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Details & Cataloguing

The Heart of Tantra – Buddhist Art Including Property from the Nyingjei Lam Collection

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Hong Kong

A SUPERBLY CAST GILT-BRONZE FIGURE OF AVALOKITESHVARA
MING DYNASTY, XUANDE PERIOD
seated in rajalilasana with the right arm rested on the raised right leg, wearing an ornate dhoti tied with a bejewelled belt with radiating tassels, falling into a voluminous hem heavily embellished with bands of florets and foliate scrolls, the chest similarly adorned with beaded necklaces, draped around the shoulders and arms with a goat pelt falling into heavy swags on the reverse, the face with a benevolent expression detailed with downcast eyes and a benign smile, crowned by a five-leaf diadem before a high chignon set with a seated figure of Amitabha Buddha, stand
26 cm, 10 1/4  in.
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Provenance

Collection of Colonel Robert Coleman Hall Brock (1861-1909) and Alice Gibson (1861-1925), Philadelphia, Pennsylvania.
Collection of Henry Gibson Brock (1886-1940) and Margaret Cust Burgwin (1926-1961), Muncy, Pennsylvania, and thence by family descent.
Christie's New York, 18th/19th September 2014, lot 1025.

Catalogue Note

This finely cast sculpture of Avalokiteshvara embodies the sophisticated nuances of expression in the Buddhist imagery created in the workshops of the early Ming court. The figure radiates compassion with his downward gaze and gentle smile - the essential quality of the bodhisattva. Avalokitesvara, known as the 'infinitely compassionate being' and 'protector of the world' is the subject of the twenty-fifth chapter of the Lotus Sutra, in which he attempts to save all beings from the suffering of the world. The image of the now fragmentary Amitabha Buddha, the Buddha of Infinite Light, in the fragile headdress of this exquisite sculpture enables a clear attribution.

Tibetan iconography and artistic traditions, partly derived from the rich legacy of Newari craftsmen, had a significant influence on Chinese Buddhist art of the Yuan dynasty, and even more so at the courts of the Yongle and Xuande emperors. This influence manifests itself in a departure from the more rigid sinicised style to greater movement in the body, with S-curved posture, refined gestures and decoration of the body in opulent jewellery, as seen here.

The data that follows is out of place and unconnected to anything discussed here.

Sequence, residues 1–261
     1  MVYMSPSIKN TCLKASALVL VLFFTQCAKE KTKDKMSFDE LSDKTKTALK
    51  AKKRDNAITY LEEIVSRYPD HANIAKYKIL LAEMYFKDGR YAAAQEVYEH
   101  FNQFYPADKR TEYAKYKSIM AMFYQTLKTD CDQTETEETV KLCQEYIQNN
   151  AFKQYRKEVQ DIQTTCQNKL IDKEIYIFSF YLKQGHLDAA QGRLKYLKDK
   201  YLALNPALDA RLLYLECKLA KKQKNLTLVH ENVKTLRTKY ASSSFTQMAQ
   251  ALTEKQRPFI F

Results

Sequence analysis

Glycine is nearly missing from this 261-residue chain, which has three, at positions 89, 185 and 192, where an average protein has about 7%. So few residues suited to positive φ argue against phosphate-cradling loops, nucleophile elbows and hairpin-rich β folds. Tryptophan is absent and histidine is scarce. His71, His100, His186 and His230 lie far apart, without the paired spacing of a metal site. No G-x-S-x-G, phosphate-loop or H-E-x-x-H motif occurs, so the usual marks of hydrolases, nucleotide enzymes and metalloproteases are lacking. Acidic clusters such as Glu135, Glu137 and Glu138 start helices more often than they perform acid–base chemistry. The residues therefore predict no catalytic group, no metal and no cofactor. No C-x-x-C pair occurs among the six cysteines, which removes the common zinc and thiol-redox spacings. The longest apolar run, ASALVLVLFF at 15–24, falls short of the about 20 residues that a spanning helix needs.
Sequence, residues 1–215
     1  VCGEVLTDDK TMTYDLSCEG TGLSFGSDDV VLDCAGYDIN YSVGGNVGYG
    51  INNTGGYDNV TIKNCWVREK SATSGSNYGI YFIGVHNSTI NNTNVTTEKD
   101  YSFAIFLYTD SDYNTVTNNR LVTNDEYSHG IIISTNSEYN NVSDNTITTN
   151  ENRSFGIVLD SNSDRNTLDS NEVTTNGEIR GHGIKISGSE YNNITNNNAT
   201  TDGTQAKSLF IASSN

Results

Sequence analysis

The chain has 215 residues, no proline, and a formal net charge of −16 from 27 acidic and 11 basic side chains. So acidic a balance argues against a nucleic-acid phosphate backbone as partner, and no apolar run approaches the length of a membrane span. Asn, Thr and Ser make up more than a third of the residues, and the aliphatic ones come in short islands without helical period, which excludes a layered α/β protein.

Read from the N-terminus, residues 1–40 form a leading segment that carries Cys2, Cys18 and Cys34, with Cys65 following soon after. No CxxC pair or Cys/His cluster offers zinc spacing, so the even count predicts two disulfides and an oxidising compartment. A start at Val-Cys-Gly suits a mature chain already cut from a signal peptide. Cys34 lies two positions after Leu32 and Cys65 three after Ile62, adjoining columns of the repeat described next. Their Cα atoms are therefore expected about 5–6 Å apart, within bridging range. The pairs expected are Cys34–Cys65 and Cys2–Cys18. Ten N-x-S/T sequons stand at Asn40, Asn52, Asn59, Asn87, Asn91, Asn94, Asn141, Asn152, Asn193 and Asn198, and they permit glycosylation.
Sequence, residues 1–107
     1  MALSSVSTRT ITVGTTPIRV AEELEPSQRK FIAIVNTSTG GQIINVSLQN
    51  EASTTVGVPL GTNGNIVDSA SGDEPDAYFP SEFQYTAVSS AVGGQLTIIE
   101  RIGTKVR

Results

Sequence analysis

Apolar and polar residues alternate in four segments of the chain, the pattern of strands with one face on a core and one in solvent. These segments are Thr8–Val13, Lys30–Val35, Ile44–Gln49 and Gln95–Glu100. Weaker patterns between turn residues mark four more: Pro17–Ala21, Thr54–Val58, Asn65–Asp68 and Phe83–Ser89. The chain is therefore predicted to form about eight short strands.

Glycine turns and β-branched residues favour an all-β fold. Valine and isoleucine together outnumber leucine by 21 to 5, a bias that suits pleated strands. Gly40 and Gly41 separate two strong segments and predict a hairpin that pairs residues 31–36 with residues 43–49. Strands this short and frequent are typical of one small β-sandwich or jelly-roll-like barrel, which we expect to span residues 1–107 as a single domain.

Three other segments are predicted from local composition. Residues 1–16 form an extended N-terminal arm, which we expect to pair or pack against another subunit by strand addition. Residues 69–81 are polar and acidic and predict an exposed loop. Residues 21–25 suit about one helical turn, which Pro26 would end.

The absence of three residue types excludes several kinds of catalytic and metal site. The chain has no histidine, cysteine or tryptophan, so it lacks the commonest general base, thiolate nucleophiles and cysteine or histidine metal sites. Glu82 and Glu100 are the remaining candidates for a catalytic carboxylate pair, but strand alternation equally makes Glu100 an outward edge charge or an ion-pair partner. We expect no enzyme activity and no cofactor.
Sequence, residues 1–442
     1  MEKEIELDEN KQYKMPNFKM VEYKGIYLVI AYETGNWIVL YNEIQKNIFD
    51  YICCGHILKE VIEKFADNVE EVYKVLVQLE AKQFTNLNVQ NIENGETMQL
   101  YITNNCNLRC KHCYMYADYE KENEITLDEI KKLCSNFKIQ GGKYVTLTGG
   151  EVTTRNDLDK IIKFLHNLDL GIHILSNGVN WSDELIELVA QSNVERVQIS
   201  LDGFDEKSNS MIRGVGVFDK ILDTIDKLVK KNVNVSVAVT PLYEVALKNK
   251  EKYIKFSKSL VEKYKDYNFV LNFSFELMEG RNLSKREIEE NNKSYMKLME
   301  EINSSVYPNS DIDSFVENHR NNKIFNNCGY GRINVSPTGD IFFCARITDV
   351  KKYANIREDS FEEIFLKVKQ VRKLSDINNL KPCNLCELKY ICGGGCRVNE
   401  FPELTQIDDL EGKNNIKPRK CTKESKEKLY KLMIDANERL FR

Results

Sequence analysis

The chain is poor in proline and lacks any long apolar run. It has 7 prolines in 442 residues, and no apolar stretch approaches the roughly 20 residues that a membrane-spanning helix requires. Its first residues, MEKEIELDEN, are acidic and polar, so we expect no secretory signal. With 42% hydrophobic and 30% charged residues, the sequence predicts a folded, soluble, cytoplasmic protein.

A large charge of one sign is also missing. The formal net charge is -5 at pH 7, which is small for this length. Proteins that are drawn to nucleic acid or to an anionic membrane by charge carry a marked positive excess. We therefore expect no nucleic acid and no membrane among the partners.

Earlier Tibetan representations of Avalokiteshvara in relaxed ‘royal ease’ posture are rare, but a Central Tibetan fourteenth century bronze figure in the Royal Ontario Museum may be a possible prototype. Illustrated on Himalayan Art Resources, item no. 77540, it displays the same posture of royal ease, but is less lavishly decorated than the current figure, without such opulent jewellery.

The current figure can be attributed to the Xuande period due to its distinct stylistic similarities to Xuande reign-marked figures, including the figure of a kneeling Bodhisattva in the Berti Aschmann Foundation at the Rietberg Museum, illustrated in Helmut Uhlig, On the Path to Enlightenment, The Berti Aschmann Foundation of Tibetan Art at the Museum Rietberg Zurich, Zurich, 1995, no. 72. Both figures share the same distinct facial expression, with similar pronounced mastery of movement and lavish treatment of the crown, jewellery and robes. See also the similarities on a Xuande reign-marked gilt-bronze figure of Avalokiteshvara in the Victoria & Albert Museum, illustrated in the exhibition catalogue Ming: Fifty Years that Changed China, the British Museum, London, 2014, fig. 203.

Similar depictions of elaborate festoons of jewelled chains can be found on other gilt-bronze images of Guanyin dated to the late Yuan-early Ming period, such as the figure from the Oppenheim Collection, now in the British Museum, illustrated by Wladimir Zwalf, ed., Buddhism: Art and Faith, London, 1985, no. 298. Compare also the similar treatment of the jewellery on a Yongle reign-marked gilt-bronze figure of Avalokiteshvara, sold in our London rooms, 7th November 2007, lot 362.

The Heart of Tantra – Buddhist Art Including Property from the Nyingjei Lam Collection

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Hong Kong